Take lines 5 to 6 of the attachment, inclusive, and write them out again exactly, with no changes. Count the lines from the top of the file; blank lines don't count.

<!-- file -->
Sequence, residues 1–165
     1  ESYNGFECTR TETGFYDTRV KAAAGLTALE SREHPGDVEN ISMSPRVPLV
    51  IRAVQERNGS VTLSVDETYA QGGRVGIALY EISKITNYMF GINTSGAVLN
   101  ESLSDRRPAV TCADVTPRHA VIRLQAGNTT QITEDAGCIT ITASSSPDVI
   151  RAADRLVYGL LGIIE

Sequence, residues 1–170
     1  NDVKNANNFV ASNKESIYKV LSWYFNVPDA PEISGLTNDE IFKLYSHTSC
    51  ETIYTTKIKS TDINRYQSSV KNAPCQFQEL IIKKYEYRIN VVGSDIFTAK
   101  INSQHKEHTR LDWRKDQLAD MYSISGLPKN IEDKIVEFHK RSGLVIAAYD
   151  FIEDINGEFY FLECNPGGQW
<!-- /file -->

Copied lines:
   151  RAADRLVYGL LGIIE

Sequence, residues 1–170